Other resources include unglueyou.co.uk who offer visual learning workshops where employees can reflect on their personal and professional development, identity and purpose through the medium of collage.
But on the whole the creative arts are an under-used HR resource.
In our research, we were interested in the artistic medium of music to improve wellbeing because music can both modulate and direct our emotions (van der Zwaag et al., 2011).
Specifically, listening to soothing music can lead to a state of relaxation by calming the central nervous system, re-balancing psycho-emotional tensions and reducing high blood pressure (Levin, 2010) while listening to up-tempo music can lead to a state of energy by arousing the central nervous system, increasing the skin conductance response and varying the heart rate (van der Zwaag et al., 2011).
In doing so, music can both give employees respite from the intensity of their work and revitalise them to re-engage with their tasks.
Listening to music increases visualization (Grefe, 2011) and the ability to identify new patterns and come up with novel solutions to problems (e.g., Hume, 2010; Levin, 2010; Mindlin et al., 2012); it can also bring out positive emotions which helps to reinforce employees’ inner coping resources (Fredrickson, 2001).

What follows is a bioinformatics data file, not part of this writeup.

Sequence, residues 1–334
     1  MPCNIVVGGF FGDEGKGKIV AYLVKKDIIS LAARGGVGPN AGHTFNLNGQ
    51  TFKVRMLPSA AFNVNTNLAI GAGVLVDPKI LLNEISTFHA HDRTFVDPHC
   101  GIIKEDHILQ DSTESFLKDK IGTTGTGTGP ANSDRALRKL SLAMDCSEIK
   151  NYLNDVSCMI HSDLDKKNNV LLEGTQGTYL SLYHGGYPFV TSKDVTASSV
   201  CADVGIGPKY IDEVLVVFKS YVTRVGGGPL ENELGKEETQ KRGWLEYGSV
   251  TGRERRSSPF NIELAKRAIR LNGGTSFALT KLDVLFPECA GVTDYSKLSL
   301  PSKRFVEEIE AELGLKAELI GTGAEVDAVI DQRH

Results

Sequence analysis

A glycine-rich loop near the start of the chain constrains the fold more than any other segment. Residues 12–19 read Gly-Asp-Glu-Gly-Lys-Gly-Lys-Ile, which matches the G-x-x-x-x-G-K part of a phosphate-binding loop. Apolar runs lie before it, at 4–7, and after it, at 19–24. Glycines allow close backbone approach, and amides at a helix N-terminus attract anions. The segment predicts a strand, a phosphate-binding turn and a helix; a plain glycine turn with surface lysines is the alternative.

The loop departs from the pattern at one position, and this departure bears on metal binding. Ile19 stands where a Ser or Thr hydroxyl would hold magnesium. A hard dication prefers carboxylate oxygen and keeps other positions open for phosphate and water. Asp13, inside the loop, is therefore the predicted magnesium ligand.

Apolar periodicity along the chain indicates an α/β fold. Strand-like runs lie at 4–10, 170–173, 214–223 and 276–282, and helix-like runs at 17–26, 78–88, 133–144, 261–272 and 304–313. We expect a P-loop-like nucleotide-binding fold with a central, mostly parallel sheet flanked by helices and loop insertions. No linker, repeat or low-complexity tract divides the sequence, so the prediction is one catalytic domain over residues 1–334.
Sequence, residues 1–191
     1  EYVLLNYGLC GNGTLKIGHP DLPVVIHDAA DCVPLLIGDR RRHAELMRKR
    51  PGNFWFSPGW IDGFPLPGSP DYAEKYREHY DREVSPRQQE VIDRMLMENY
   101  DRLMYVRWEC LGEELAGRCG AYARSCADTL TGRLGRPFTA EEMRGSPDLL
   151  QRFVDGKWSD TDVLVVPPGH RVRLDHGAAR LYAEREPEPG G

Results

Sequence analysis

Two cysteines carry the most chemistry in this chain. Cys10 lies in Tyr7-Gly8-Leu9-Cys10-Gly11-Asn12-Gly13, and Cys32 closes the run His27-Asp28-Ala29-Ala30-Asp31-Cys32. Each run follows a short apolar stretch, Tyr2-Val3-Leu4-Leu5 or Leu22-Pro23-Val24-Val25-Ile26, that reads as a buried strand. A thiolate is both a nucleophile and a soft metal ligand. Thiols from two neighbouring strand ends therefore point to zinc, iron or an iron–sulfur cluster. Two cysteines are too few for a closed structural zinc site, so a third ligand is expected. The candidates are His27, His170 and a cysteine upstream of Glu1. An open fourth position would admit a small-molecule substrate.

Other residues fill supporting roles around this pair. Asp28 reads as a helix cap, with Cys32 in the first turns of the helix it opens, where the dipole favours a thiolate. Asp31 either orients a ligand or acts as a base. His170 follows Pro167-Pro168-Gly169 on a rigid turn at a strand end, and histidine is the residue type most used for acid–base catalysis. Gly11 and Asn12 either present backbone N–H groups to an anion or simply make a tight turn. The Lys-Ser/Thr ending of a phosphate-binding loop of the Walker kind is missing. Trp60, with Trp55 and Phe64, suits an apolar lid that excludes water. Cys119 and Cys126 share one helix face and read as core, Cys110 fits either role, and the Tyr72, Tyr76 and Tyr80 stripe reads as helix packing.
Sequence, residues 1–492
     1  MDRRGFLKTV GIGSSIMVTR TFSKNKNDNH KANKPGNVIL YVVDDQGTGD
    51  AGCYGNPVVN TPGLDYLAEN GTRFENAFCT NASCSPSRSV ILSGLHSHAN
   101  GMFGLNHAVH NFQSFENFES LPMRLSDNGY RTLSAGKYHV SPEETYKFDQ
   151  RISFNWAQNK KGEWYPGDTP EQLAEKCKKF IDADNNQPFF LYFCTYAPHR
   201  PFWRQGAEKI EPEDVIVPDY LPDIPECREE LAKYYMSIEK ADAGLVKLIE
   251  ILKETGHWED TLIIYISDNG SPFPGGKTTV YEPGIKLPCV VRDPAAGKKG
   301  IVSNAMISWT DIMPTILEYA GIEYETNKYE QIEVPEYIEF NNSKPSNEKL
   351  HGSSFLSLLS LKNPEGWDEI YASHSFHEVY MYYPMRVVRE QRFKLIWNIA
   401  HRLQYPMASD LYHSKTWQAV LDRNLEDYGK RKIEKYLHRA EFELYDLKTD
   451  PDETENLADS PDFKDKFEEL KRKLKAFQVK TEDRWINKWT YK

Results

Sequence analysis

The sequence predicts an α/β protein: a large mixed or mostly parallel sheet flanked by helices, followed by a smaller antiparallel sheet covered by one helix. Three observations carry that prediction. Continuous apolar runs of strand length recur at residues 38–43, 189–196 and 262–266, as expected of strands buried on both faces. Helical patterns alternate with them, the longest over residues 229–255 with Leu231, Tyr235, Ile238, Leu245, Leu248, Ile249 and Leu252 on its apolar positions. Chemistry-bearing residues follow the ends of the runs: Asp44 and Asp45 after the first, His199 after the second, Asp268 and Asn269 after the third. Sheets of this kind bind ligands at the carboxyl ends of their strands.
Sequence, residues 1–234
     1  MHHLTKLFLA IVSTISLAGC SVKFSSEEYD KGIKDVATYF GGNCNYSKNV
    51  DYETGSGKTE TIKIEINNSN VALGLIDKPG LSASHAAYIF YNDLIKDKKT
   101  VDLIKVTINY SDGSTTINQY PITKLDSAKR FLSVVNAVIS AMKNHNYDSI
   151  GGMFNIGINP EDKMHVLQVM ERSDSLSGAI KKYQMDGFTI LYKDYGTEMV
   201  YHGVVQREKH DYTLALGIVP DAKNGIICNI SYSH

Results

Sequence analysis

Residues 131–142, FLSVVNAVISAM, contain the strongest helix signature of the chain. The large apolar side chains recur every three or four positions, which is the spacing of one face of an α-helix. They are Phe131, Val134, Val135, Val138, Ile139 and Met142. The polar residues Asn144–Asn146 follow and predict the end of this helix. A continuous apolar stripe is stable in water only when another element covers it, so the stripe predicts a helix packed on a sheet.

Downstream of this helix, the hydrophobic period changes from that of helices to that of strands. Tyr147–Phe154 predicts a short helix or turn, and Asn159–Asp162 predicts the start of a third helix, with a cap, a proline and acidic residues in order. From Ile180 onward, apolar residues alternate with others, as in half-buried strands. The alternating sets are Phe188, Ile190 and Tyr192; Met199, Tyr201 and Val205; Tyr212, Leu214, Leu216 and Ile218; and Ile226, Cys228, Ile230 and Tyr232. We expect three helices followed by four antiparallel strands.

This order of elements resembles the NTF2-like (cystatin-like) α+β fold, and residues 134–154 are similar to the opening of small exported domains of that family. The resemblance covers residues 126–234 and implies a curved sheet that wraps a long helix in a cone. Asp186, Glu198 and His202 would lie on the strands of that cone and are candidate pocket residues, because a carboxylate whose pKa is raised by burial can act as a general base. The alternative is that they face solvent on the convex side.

With so many benefits associated with listening to music, it is surprising that it remains a largely untapped HR resource.
To explore the effect of music on employee wellbeing, we invited a chamber singer and a pianist to perform a live 30-minute concert in four different organisations in Russia (a scientific enterprise, a financial investment firm, a medical centre, and a higher education institution).
Music can both give employees respite from the intensity of their work and revitalise them to re-engage with their tasks.
In total 70 employees participated in the study. The performance took place in the organisations’ conference halls during lunchtime.
The time was chosen as it is the middle of the day when employees might need respite from the morning’s intensity and rejuvenation to resume their duties in the afternoon.
The music consisted of classical romance, tango and foxtrot – a mixture of slow and up-tempo beats.
We quantitatively measured employees’ wellbeing directly before and after listening to the concert and we observed physical reactions. Employees indicated a 21% increase in their self-reported health and a 15% increase in both their moods and estimated activity levels.
We observed that within 10 minutes of the music starting, visible physical signs of relaxation were noticeable; employees’ posture began to change and shoulders started to loosen.
By the end of performance, some employees were smiling and others were quietly singing along.
We noticed a similar effect across all four organisations.
Although more research is needed in the area, our preliminary findings are promising for the usefulness of music as an HR wellbeing practice.
They suggest that in as little as 10 minutes and within 30 minutes, organisations can enhance the wellbeing of their employees.
Our preliminary findings are promising for the usefulness of music as an HR wellbeing practice.
In subsequent studies, we want to focus on the effect of music by adopting an experimental research design and also investigate how long this effect can last.
Our study responds to the government’s call to investigate the effect of art on wellbeing outcomes (Public Health England, 2016).